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Editorial: Oklahoma consumer crisis may follow last week's weather crisis

Editorial: Oklahoma consumer crisis may follow last week's weather crisis

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Top state officials held a press conference Monday to assure the public that they are on top of the looming utility bill crisis facing Oklahoma consumers following last week’s record cold snap.

The event was supposed to assure the public, but anyone who watched could easily have walked away with an even greater sense of panic.

This was clear: The state’s top elected and appointed officials largely don’t know what they’re going to do — if anything — and the best assurances they had to offer were only modestly assuring.

State Energy Secretary Kenneth Wagner said almost everyone in the state doesn’t have to worry about one huge utility bill wiping out their bank account because state electrical and natural gas suppliers turned to the hyperinflated spot market during the cold weather crisis.

By almost everyone, he clarified, there are some people — really very few — who might have that problem (if they buy natural gas from a municipal utility that buys from an unregulated supplier).

But for the vast majority, especially customers of the major utilities, he offered the assurance that they’ll only have to pay huge bills that result from their higher usage of electricity and natural gas, not the additional cost of the underlying fuel ... at least right away.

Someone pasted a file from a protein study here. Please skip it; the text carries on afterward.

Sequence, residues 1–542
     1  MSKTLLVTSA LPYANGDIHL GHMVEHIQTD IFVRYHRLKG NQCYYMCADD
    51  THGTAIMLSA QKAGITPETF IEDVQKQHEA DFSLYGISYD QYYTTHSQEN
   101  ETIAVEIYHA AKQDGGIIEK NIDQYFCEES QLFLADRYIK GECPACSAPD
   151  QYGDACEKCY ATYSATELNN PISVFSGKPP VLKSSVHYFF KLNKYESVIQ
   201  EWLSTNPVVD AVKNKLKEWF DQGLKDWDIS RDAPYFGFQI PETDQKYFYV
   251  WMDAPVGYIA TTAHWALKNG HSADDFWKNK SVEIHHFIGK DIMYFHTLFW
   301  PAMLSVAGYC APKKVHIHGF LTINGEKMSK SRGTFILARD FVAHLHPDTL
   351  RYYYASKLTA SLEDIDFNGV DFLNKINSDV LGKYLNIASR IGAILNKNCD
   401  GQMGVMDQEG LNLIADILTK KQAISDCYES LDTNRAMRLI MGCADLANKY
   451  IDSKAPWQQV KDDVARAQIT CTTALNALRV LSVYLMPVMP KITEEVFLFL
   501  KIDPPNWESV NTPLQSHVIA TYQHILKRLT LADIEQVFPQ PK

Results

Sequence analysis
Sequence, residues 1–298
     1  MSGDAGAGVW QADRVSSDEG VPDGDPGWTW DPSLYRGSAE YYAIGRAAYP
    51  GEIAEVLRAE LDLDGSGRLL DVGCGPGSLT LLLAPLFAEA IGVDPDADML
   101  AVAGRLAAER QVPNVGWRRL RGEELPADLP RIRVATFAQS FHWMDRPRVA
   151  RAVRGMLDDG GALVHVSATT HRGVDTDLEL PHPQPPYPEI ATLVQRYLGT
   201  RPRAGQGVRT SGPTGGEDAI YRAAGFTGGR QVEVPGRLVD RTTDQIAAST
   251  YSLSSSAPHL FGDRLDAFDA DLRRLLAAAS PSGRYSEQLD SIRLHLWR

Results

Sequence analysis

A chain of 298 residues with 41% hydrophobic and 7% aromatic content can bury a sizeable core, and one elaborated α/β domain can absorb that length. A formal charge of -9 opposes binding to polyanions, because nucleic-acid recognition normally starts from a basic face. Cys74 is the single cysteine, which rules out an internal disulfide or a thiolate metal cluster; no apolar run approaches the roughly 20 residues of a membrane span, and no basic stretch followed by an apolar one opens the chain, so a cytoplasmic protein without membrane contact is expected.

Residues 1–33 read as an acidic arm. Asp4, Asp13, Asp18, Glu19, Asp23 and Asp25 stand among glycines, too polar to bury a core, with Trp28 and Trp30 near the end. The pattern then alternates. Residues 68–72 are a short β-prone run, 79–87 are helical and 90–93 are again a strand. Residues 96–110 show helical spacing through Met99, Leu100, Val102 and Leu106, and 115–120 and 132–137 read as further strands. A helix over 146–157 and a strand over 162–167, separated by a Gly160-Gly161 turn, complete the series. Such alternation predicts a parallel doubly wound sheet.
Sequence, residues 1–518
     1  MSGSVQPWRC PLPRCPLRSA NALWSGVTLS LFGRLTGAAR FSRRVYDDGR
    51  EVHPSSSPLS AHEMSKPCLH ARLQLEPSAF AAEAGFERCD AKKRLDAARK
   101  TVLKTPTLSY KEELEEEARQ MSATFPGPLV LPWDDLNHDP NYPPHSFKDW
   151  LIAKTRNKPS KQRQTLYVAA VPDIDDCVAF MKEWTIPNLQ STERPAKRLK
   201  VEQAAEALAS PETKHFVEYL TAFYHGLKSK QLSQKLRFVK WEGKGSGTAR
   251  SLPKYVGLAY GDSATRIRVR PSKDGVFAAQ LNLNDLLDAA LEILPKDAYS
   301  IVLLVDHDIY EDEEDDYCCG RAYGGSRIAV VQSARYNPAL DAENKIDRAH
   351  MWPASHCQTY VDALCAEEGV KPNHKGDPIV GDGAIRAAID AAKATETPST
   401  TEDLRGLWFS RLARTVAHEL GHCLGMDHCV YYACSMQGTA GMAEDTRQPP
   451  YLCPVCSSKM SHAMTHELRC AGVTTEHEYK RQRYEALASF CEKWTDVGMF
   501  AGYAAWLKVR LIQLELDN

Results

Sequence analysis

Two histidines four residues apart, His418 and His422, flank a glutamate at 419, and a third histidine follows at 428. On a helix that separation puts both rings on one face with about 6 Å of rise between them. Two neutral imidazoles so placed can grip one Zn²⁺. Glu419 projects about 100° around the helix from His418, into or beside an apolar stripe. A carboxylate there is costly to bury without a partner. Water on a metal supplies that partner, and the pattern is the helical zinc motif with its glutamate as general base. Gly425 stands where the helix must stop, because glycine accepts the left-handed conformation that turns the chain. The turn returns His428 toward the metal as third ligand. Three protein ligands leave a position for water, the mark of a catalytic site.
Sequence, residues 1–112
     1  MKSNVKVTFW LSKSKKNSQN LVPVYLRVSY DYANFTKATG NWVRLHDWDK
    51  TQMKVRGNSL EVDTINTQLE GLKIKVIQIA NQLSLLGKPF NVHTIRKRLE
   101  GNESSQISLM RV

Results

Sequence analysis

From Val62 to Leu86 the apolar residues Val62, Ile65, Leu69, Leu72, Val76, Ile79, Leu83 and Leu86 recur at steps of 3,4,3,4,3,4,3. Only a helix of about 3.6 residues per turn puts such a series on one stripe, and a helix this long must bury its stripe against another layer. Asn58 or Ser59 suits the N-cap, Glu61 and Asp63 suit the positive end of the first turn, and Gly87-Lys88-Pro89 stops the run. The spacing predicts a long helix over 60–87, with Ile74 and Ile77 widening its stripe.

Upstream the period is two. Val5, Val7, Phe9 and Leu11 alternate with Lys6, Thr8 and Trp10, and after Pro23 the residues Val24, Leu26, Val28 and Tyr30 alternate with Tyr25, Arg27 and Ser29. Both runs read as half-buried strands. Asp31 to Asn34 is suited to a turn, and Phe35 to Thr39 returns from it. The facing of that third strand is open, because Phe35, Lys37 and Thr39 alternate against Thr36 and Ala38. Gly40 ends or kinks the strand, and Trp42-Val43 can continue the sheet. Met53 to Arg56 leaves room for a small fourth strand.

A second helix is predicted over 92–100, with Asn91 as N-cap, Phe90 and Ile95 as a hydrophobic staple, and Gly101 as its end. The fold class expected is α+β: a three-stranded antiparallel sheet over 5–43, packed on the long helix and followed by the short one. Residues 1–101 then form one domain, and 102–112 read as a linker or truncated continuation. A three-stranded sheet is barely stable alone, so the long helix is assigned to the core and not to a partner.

The state is working with the big utilities to spread those cost out over time, he said.

So, expect bigger bills, but not BIGGER bill... right now. Feeling better?

Gov. Kevin Stitt promised to “turn over every rock” in the effort to figure out what went wrong, a statement that showed intensity but not specifics.

Top legislative leaders said they were assigning their top utility legislators to figure out how the state could help consumers facing higher costs, but, in the next breath, made it clear they have no idea what that might mean.

Attorney General Mike Hunter said his office will go after anyone who violated the state’s anti-gouging law after Stitt signed an official emergency order Feb. 12, but he also noted that his powers only apply to businesses inside the state of Oklahoma.

We’re not sure what we wanted to hear Monday, but what we did hear certainly didn’t make us feel secure that millions of Oklahomans won’t be feeling the bite of last week’s arctic cold in a very big way for a very long time come.

We don’t want to bankrupt utilities, but we also don’t want to see a consumer financial crisis following the weather crisis. It seems safe to assume that such a nightmare will fall hardest on the poor, the elderly and those least able to deal with it, but it will be felt in all 77 counties and all income levels, just like the weather.

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Best known to the public for his four years in Congress from eastern Oklahoma's 2nd District, Carson has legitimate academic credentials. He grew up in Jenks, earned his bachelor's degree at Baylor University with Phi Beta Kappa honors, attended Oxford University as a Rhodes Scholar and earned a law degree from the University of Oklahoma. He is currently on the faculty at the University of Virginia, teaching courses in national security and the public sector.

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Shrum is a public college and Oklahoma higher education success story, the editorial says. A native of Coweta, she did undergraduate work at Connor State College, Northeastern State University and the University of Arkansas. She earned her medical degree at OSU College of Osteopathic Medicine. She also has completed executive leadership and management training programs at Harvard University and Stanford University.

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